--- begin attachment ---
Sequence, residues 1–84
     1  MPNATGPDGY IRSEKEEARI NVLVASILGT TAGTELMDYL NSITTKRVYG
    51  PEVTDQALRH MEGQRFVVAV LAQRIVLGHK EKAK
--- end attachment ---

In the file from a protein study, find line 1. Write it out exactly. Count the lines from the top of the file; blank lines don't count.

Sequence, residues 1–84